In contrast to 2008/2009, control of summer weeds in 2009/2010 resulted in much more water being stored in those treatments. Provided the 2010 crop is managed to its water-limited potential, this could translate to differences in yield. At the four-leaf stage NDVI was higher in treatments where weeds were controlled indicating that differences in soil water and perhaps nitrogen (results not available at time of publication) have resulted in more early dry matter production (Table 3). Analysis of historic summer rainfall patterns in the Mallee shows that the 2009/2010 outcome occurs in the majority of seasons. Hunt (2006) found that events large enough in magnitude to store water available for a subsequent crop occurred in 74% of years from 1976-2002, and whilst water storage was highly variable over that period, the mean was 24 mm. Analysis with APSIM at the Hopetoun site indicates the 2008/2009 outcome, where enough rain fell to establish weeds but there was no yield benefit from control, occurs in the minority of cases, but would happen more frequently on the Sodosol (26% of years in the last 120) than the Calcarosol (2%).

Table 3. NDVI of the 2010 canola crop under the different treatments at the sand and clay sites.

Treatment

Sand

Clay

Weeds (treatments 2 and 5)

0.10

0.13

No weeds (treatments 1, 3, 4 and 6)

0.16

0.24

P Value

0.05

0.01

LSD (P=0.05)

0.05

0.09

The canola crop will continue to be monitored during the 2010 season and the experiment repeated for another two years.

Conclusion

The two seasons of this study illustrate that in the Victorian Mallee, summer fallow rain is a highly variable resource, contributing up to 100mm of additional available water as stored soil water at sowing. Control of summer weeds had the greatest impact on the amount of summer fallow rain stored. Crop residue and tillage made no significant difference in either season and did not affect subsequent crop yield in 2009. This finding is consistent with previously reported studies of summer fallow efficiency in southern Australia.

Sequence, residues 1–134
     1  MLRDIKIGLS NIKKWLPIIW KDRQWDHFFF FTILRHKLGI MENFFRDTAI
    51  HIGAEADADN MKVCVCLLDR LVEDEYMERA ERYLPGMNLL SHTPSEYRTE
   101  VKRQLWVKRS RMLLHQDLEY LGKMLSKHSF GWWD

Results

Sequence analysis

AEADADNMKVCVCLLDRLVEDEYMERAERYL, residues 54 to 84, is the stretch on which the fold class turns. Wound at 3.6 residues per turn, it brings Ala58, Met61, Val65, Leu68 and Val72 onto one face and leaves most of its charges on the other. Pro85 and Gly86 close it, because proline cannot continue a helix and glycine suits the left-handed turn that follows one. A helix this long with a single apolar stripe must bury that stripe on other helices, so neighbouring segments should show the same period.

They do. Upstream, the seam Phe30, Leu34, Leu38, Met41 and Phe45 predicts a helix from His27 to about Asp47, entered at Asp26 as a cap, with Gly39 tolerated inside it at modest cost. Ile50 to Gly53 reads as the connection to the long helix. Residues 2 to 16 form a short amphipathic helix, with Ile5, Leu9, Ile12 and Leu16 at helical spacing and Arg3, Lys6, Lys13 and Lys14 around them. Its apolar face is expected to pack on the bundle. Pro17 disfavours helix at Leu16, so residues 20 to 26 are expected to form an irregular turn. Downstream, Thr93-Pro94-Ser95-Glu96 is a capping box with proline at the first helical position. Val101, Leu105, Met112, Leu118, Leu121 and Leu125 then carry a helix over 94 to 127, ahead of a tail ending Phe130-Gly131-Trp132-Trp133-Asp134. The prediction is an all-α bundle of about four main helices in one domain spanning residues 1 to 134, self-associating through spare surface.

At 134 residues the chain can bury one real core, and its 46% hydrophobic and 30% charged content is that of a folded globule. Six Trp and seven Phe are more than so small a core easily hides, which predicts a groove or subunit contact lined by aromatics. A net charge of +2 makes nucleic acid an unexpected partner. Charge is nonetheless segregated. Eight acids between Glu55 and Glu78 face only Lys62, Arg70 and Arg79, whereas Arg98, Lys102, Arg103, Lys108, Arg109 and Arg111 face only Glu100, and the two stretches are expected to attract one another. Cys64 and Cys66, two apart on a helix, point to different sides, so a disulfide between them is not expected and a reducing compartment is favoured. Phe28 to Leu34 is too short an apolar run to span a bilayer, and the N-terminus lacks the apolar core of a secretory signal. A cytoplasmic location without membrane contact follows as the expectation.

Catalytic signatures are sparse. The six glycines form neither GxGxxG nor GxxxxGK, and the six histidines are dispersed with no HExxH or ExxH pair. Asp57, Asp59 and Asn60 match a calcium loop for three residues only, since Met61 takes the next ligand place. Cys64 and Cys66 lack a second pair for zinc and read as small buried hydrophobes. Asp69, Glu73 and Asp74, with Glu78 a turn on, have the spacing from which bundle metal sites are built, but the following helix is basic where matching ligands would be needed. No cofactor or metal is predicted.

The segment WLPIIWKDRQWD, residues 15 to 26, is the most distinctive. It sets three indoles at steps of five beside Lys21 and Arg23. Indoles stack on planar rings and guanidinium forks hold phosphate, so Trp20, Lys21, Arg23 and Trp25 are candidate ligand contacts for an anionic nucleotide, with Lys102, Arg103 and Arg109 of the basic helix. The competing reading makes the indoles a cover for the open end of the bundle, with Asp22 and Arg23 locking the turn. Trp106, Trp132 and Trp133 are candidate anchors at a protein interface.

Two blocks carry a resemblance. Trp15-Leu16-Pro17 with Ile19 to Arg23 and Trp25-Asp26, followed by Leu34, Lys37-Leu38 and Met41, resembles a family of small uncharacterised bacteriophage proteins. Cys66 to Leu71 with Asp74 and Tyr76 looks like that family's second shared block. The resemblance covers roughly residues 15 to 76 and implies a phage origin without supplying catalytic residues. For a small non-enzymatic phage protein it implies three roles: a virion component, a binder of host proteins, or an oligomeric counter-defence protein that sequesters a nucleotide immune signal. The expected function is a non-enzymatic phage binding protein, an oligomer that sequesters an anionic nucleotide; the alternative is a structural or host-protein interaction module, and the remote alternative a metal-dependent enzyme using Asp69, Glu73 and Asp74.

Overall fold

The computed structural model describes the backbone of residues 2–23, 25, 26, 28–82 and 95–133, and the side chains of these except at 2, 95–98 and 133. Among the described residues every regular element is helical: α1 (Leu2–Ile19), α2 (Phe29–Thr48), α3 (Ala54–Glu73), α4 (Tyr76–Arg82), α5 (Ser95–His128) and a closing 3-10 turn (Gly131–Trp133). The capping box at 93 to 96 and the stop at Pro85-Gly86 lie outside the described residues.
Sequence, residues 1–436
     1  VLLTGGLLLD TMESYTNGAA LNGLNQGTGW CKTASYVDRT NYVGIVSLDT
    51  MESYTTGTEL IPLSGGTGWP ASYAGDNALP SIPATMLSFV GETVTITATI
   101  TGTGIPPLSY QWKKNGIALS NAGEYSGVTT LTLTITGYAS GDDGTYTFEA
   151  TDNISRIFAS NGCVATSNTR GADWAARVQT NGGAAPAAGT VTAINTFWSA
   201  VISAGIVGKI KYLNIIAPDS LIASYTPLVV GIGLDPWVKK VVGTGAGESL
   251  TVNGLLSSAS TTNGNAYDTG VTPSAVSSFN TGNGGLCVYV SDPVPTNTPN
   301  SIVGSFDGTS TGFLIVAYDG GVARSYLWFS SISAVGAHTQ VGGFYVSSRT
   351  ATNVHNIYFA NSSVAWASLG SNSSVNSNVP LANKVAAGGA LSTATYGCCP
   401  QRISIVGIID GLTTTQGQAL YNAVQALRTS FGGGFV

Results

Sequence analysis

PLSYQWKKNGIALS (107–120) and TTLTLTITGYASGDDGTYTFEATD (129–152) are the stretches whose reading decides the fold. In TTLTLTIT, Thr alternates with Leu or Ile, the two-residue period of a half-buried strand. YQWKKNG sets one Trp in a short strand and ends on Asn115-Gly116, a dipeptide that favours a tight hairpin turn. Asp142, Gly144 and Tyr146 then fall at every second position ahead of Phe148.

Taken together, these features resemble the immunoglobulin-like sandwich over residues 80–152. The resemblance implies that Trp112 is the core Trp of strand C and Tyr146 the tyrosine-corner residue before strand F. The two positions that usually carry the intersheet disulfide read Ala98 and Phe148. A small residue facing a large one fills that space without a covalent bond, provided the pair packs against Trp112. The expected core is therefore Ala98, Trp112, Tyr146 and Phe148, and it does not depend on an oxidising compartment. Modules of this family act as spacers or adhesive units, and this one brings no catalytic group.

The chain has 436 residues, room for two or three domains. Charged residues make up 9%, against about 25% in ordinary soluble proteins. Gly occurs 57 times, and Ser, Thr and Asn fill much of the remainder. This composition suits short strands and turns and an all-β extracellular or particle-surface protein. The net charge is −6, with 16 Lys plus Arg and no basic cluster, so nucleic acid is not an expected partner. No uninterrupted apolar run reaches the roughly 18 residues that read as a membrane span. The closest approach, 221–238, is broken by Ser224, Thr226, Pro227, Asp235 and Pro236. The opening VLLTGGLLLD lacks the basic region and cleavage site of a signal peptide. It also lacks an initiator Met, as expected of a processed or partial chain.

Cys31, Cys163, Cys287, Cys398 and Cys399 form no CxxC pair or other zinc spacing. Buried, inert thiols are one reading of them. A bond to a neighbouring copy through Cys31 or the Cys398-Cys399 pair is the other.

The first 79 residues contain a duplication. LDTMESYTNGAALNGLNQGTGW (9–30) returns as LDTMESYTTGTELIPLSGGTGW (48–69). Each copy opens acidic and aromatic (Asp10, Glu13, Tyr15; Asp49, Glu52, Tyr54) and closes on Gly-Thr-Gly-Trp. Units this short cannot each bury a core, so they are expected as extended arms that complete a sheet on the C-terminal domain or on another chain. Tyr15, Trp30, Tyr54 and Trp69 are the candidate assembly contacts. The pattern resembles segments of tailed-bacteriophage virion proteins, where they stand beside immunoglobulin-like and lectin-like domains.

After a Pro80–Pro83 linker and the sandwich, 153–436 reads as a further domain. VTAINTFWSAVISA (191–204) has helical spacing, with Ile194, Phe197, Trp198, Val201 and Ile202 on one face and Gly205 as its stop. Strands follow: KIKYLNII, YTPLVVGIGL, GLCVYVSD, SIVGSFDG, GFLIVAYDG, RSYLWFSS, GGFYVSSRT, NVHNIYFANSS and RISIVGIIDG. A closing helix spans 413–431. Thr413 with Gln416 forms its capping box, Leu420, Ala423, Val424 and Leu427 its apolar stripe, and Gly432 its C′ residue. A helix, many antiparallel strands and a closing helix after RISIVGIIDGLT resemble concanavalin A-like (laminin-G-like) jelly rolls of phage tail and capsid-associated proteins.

Management of summer fallows in the Mallee will be improved by the ability to predict whether rainfall events that cause summer weeds to emerge are of sufficient magnitude to be stored until the next growing season. In 2008/2009, weeds emerged but their control resulted in only small differences in the amount of water stored and no measurable increase in yield meaning that the cost of control would not have been recouped. Control of weeds in 2009/2010 is likely to significantly increase yield and provide a very good return on the cost of control. Rules of thumb must be developed that can help guide managers in deciding whether control of summer weeds will be economical or not.

Acknowledgements

This project was funded by GRDC projects BWD00012 Yielding benefits through partnerships and CPS00111 Identifying farm-scale opportunities to improve WUE: A nationally coordinated systems approach. We would like to thank Harm van Rees for providing comments on the manuscript.

References

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Fischer RA (1987). Responses of soil and crop water relations to tillage. In 'Tillage'. (Eds PS Cornish, JE Pratley) pp. 194-221. (Inkata Press: Melbourne).

Freebairn DM and Boughton WC (1981) Surface runoff experiments on the eastern Darling Downs. Australian Journal of Soil Research 19, 133-146.

Freebairn DM, Cornish PS, Anderson WK, Walker SR, Robinson JB and Beswick AR (2006). Management systems in climate regions of the world - Australia. In 'Dryland Agriculture'. (Eds GA Peterson, PW Unger, WA Payne). (American Society of Agronomy: Madison, Wisconsin, USA).

French RJ and Schultz JE (1984). Water use efficiency of wheat in a Mediterranean-type environment: 1. The relationship between yield, water use and climate. Australian Journal of Agricultural Research 35, 743-764.

Fromm G and Grieger V (2002). The effect of summer weed management on subsequent grain yield and quality. In '13th Australian Weeds Conference'. (Eds H Spafford Jacob, J Dodd, JH Moore) pp. 63-66. (Plant Protection Society of WA: Perth).

Hunt JR (2006). The ecology of common heliotrope (Heliotropium europaeum L.) in a Mediterranean dry-land cropping system. Ph.D Thesis, The University of Melbourne. http:/​/​repository.unimelb.edu.au/​10187/​2083.

Kirkegaard JA and Hunt JR (2010). Increasing crop productivity by matching farming system management and genotype in water-limited environments. Journal of Experimental Botany doi: 10.1093/jxb/erq245.